While Bruce is in jail, Dick goes to the house of David Crenshaw hoping to dig up some clues. A quick flub, Dick's hair is not combed back in his Dick Grayson hairstyle, but tousled like Robin's. Bruce, however, has to deal with a cellmate determined to bully him. Bruce is ready to fight, but a guard, who looks suspiciously like Don Knotts, interrupts the two. Bruce calls for help and the guard fumbles, and then drops his gun. As the guard tries to find the keys, the cellmate begins to use Bruce as a punching bag. The guard finally puts a stop to the beating and leaves. The cellmate is about to continue beating Bruce, until he gets a swift kick in the face. With the cellmate knocked out, Bruce tries to go over the clues. At the same time, Dick enters the scene of the crime, and looks around. Just as Bruce realizes that the rosewood clock was a third exit, Dick takes an interest in it — finding the secret door. Bruce realizes that David Crenshaw is the murderer, just as Crenshaw knocks Dick over the head with a gun.
Regarding the guard who looks like Don Knotts, he's clearly an homage to Knotts' most famous character: Barney Fife, the tough-acting but bumbling deputy from The Andy Griffith Show.
Crenshaw is about to make his escape only to open the door to find Batman running up his driveway. He slams the door and runs, but Batman busts through and chases him upstairs. Crenshaw gets to the murder room and proceeds to hold a gun to Dick's head. Batman enters via the clock door and asks Crenshaw why he killed Brenner. Crenshaw begins to explain that Brenner more or less ruined him by writing a letter to the Joint Chiefs. He then proceeds to monologue about how America has remained free thanks to armaments made by men like him, and peace-mongers like Brenner were a threat to everything they worked for. While Crenshaw goes on with his speech, Batman subtlety signals to Dick with a count of three. At the end of that count, Dick falls to the side as Batman throws a Batarang at Crenshaw, knocking him out. With Crenshaw incapacitated, Batman hurries back to the cell where he changes to Bruce Wayne — just as Harvey Bullock reluctantly sets him free. Bullock, however, still wonders how Bruce got into the locked room. Bruce points to his still passed out cellmate and says, "Ask him," before walking out.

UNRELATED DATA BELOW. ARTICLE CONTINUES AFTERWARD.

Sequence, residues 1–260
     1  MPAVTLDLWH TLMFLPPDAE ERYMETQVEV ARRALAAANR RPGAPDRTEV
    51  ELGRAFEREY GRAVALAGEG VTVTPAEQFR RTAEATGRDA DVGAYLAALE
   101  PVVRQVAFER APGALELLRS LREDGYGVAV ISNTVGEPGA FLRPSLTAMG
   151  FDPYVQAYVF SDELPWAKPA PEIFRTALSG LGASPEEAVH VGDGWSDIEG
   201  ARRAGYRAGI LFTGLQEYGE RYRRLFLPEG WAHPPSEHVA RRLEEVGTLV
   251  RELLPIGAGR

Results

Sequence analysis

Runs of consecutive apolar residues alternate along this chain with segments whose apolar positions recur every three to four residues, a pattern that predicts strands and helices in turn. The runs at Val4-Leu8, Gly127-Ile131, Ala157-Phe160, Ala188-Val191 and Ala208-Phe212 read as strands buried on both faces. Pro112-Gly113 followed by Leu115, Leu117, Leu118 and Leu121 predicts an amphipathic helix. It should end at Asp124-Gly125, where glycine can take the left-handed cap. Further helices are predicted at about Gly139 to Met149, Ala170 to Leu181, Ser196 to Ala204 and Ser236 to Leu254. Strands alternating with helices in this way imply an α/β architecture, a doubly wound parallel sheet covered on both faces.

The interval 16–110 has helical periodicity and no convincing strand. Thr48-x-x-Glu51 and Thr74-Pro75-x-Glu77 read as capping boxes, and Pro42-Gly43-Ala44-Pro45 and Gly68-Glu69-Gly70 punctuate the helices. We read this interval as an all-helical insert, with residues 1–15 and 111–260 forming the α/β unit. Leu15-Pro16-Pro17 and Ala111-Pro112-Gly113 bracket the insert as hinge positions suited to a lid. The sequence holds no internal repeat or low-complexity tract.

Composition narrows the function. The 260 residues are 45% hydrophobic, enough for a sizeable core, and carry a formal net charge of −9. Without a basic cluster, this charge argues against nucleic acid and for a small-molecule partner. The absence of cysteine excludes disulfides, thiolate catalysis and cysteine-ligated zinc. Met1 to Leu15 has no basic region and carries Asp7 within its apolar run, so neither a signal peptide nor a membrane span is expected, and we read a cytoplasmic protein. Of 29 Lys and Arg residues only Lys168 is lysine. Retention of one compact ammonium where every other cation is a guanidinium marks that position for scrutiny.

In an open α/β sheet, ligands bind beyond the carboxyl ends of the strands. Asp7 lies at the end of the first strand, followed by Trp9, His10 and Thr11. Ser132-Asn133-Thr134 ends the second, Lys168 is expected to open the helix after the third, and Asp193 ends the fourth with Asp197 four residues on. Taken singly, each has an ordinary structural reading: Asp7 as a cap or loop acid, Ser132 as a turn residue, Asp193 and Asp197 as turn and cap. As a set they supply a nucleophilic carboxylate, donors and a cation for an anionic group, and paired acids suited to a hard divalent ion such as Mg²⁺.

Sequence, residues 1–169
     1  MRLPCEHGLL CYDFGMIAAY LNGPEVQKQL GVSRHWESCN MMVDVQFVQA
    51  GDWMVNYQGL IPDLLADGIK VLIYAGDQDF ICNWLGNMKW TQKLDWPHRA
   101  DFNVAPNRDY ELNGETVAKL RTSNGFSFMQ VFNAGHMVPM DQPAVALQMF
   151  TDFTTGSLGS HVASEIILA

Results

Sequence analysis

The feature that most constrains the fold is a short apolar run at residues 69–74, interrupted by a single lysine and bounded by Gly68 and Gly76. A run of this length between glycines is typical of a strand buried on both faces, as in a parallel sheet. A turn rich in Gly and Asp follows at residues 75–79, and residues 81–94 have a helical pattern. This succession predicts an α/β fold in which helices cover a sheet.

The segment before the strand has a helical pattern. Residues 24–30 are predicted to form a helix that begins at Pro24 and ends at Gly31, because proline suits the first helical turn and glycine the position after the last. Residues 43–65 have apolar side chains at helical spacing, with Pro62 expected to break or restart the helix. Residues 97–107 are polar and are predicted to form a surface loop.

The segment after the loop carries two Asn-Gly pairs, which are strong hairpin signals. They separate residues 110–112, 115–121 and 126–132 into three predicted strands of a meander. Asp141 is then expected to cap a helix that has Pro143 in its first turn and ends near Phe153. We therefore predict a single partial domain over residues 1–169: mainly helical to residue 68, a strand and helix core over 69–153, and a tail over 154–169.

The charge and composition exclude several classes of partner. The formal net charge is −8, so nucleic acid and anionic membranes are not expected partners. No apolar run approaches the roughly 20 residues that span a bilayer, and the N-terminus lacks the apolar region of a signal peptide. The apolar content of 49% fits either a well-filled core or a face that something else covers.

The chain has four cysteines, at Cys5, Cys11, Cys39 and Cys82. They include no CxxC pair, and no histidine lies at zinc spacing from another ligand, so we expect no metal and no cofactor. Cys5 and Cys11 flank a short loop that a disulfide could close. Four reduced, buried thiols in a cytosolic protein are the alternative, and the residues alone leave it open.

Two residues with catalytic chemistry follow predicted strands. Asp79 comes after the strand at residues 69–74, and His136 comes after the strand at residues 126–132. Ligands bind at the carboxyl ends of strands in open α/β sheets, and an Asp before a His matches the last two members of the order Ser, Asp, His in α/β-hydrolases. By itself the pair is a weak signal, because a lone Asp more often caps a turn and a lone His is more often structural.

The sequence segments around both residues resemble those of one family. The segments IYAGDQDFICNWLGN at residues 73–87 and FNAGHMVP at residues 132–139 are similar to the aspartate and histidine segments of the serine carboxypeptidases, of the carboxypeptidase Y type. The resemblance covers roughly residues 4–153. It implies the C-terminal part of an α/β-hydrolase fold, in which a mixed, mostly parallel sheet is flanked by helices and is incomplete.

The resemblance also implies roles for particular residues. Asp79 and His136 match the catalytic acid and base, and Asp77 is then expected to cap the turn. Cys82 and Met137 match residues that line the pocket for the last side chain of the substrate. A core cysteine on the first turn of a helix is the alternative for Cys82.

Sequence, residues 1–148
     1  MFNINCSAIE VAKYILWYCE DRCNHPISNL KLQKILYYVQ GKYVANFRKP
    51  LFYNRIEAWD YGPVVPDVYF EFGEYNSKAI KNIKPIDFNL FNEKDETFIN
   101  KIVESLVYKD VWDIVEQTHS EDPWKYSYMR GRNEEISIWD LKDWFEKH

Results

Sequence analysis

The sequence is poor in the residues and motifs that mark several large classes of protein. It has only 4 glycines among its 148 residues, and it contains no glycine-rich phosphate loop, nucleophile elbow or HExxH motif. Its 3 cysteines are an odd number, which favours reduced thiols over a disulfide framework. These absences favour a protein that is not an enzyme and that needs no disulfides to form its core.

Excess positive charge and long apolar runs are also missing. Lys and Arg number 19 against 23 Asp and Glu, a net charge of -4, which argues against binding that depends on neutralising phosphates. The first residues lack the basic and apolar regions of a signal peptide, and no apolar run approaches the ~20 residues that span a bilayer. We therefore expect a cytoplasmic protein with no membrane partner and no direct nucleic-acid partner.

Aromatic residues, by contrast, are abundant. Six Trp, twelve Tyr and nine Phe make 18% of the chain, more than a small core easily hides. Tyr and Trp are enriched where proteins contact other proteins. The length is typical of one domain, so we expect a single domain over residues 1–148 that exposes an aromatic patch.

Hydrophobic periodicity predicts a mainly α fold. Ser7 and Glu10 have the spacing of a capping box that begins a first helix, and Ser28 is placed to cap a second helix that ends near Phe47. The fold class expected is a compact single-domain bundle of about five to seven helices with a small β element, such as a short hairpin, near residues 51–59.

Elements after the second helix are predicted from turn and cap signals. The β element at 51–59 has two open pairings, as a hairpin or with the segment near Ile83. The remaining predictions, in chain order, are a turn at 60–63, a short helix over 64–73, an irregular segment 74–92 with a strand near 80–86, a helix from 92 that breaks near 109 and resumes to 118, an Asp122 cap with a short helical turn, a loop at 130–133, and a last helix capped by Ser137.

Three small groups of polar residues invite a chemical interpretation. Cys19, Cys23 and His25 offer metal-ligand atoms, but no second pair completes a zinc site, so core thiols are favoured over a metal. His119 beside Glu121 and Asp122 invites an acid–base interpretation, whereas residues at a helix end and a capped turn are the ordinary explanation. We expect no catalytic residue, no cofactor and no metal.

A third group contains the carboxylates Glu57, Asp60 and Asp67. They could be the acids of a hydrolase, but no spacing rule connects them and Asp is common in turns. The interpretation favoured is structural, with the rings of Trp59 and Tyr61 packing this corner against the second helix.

I found this issue, despite a couple of shortcomings, to be entertaining. But then again, I have a soft spot for a locked room mystery. I would have liked the story to be a little longer, but then I have to remember that I'm not the target audience; this was written for younger readers. No matter the length, I wish Dick Grayson had been shown doing more detective work in order to spring Bruce from jail. This way we could have gotten a feeling for Dick's detective skills, rather than Batman saving himself.
I loved the way shadows laid on faces; it reminded me very much of black and white films, particularly Casablanca. Those on Bruce Wayne's face are very reminiscent of the shadows on Humphrey Bogart's in the famous "Of all the gin joints..." scene.
Also, faces aren't cartoony, but realistic — especially in the case of the unfortunate Jacob Brenner. The lines on his face make him seem as if whatever terminal illness he's stricken with has taken its toll, but there is something about the way he's drawn that makes it seem as though it hasn't got him down.
I very much like the continuing trend of putting Bruce in different color suits rather than that frumpy brown one we always saw him in during the animated series. In this issue he's wearing a green suit, which is cleverly shadowed throughout the course of the story.
Overall Score: 7